See also:

The previous articles explain how to build applications using the OCaml-LLVM bindings, and how to use the API to manipulate the LLVM objects. This was the “read-only” part of the tutorial, which can be used to analyze LLVM IR.

This part explains how to create LLVM IR, and write a simple application from scratch, and see how to build and run it.


As in the previous tutorial, we need to create a context and a module:

let llctx = global_context () in
let llm = create_module llctx "mymodule" in


There are two actions that can be done on functions:

  • declare_function to give only a declaration of the prototype,
  • define_function to give both the declaration and the implementation.

In both cases, we need to give the signature (return type, number and type of arguments) of the function.

This is pretty similar to C. We’ll use this to declare the function int main(void).

The int type is a bit problematic in LLVM (and in C, but for other reasons): integer types must have a known size in LLVM. While this does not change the architecture-independent property of LLVM IR, it can sometimes create problems when writing code that has to run on 32 and 64 bits platforms, while trying to use registers for performance reasons.

Here, we will declare a 32 bits integer type (mostly to simplify later commands):

let i32_t = i32_type llctx in

and use it to declare the prototype of the function

let fty = function_type i32_t [| |] in

The i32_t here is the return type, and the array is the type of arguments (empty means void, not unknown or variable).

The signature type can then be used to create the function, in the current module:

let f = define_function "main" fty llm in

The returned object f is a llvalue, so functions from the previous tutorial to print the type or the content of the value can be used.

The function is currently empty: it contains a single basic block (the entry block) with no instructions. We now need to add instructions.


To add basic blocks and instructions, we first need to create a llbuilder object. The instruction builder is used to insert instruction at its position. We create a builder, positioned at the end of the entry block of the function f:

let llbuilder = builder_at_end llctx (entry_block f) in

Now that we have the context, the function and the builder objects, we can insert instructions. For this very simple example, we will only simulate a return 0:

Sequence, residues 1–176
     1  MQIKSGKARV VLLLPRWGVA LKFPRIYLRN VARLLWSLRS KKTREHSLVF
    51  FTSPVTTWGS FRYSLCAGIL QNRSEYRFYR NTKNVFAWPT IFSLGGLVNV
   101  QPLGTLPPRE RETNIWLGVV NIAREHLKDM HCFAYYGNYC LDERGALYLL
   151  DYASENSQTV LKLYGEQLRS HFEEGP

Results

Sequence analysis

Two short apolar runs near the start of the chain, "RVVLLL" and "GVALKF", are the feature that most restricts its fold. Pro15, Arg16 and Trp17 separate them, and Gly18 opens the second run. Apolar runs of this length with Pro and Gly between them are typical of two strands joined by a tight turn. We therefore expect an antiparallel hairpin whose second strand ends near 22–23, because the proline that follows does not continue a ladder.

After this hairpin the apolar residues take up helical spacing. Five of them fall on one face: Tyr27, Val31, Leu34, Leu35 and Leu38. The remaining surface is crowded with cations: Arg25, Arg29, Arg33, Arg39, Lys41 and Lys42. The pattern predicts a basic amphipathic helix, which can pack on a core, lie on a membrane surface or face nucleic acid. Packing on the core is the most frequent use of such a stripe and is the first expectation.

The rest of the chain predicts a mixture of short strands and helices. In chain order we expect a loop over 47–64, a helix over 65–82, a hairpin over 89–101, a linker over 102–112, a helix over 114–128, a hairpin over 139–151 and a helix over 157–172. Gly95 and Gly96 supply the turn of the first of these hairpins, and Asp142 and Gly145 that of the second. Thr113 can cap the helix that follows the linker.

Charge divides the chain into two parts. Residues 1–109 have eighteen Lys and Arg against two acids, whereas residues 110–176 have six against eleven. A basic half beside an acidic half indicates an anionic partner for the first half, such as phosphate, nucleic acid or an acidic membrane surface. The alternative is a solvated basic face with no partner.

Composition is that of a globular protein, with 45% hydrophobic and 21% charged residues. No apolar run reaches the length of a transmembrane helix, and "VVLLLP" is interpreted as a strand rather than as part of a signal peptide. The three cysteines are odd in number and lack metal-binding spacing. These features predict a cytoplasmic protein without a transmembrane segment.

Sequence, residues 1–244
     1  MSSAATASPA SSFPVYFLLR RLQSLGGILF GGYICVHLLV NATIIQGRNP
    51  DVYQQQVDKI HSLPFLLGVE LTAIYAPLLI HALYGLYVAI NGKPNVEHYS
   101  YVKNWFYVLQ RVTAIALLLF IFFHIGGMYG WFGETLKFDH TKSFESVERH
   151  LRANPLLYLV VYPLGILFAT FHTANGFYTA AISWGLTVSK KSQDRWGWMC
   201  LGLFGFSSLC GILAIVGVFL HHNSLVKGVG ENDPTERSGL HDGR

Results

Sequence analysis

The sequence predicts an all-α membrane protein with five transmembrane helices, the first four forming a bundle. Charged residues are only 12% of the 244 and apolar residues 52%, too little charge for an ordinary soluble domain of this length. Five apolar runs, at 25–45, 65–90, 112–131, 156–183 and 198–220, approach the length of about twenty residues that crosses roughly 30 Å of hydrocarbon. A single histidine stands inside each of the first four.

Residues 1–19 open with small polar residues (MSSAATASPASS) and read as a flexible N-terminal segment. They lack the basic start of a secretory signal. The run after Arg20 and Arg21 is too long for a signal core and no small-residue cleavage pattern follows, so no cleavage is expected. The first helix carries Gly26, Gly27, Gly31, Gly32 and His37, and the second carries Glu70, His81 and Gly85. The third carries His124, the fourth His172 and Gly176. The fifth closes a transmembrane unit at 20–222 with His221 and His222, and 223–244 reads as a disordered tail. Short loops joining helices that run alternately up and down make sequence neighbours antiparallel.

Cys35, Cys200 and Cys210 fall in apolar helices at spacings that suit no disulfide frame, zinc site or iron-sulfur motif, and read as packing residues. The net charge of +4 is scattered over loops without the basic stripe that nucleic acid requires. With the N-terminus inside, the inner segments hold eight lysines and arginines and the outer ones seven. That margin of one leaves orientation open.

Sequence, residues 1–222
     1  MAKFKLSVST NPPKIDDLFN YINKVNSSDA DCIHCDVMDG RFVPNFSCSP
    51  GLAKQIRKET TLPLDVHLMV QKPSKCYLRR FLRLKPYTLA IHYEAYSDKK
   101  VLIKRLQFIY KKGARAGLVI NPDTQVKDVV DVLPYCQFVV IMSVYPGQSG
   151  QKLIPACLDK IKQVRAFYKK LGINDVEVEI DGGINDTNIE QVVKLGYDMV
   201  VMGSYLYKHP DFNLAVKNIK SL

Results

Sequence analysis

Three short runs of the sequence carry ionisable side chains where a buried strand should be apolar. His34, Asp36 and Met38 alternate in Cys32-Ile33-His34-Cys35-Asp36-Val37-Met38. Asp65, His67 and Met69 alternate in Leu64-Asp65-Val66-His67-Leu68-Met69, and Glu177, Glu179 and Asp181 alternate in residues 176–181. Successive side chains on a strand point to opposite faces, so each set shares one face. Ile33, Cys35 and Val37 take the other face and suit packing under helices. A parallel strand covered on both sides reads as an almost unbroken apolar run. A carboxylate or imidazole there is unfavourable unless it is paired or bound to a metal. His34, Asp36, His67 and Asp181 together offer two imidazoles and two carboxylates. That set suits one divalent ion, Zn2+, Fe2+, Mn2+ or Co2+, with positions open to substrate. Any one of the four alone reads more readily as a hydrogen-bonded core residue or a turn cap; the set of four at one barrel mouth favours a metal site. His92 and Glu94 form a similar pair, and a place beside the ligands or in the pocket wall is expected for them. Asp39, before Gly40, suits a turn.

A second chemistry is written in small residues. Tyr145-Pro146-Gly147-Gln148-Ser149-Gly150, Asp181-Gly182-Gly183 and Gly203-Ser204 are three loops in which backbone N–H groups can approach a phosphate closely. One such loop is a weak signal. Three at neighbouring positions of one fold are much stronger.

let _ = build_ret (const_int i32_t 0) llbuilder in

To write the module, it is possible either to simple dump it (and save stderr), or to use the Llvm_bitwriter modules.

; ModuleID = 'mymodule'

define i32 @main() {
  ret i32 0

Building the module

The following is not related to the OCaml bindings, but to cover the topic, I will explain how to build the resulting module.

First, if the output was saved as text (LLVM IR) in a file hello.ll, it needs to be compiled to LLVM bitcode:

$ llvm-as hello.ll

If the LLVM module was saved using Llvm_bitwriter.write_bitcode_file, then it is already in bitcode format.

Then, the llc compiler is used to produce an assembly file from the bitcode:

$ llc hello.bc

llc has many options, some of the most interesting are:

  • -O0, -O1, -O2 ...: the “classical” optimization options
  • -march=<arch>: specify the target architecture (x86, x86-64, arm, etc.). The list of architectures can be found using llc --version

The options are described in the llc --help command. However, this is not an exhaustive list, and there are many undocumented options. A more complete list can be obtained using the (undocumented) llc --help-hidden command.

Note: the --help arguments gives 126 options here, while the --help-hidden is 749 lines long.

After that, the assembly file is compiled as usual into an object file, then an executable.

$ clang -c hello.s
$ clang -o hello hello.o

The executable from this example works as expected (it does nothing):

$ ./hello
$ echo $?

Next time

That’s all for this (very simple) part. We’ve covered how to create a module, create functions, add instructions, and how to build the resulting file to produce an object or an executable that can be used as usual.

Example code is in the part3 directory of project ocaml-llvm-tutorial.

In part 4, we’ll see how to create a slightly better example, and use external functions like printf.